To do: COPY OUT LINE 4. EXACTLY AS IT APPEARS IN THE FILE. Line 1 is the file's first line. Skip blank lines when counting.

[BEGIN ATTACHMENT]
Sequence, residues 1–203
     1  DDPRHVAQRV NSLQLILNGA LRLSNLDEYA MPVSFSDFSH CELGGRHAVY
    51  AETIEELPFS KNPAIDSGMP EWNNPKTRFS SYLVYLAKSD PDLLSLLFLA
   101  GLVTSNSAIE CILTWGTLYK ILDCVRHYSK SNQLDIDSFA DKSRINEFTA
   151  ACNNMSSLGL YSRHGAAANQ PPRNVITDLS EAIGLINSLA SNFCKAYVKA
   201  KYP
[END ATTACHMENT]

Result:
   101  GLVTSNSAIE CILTWGTLYK ILDCVRHYSK SNQLDIDSFA DKSRINEFTA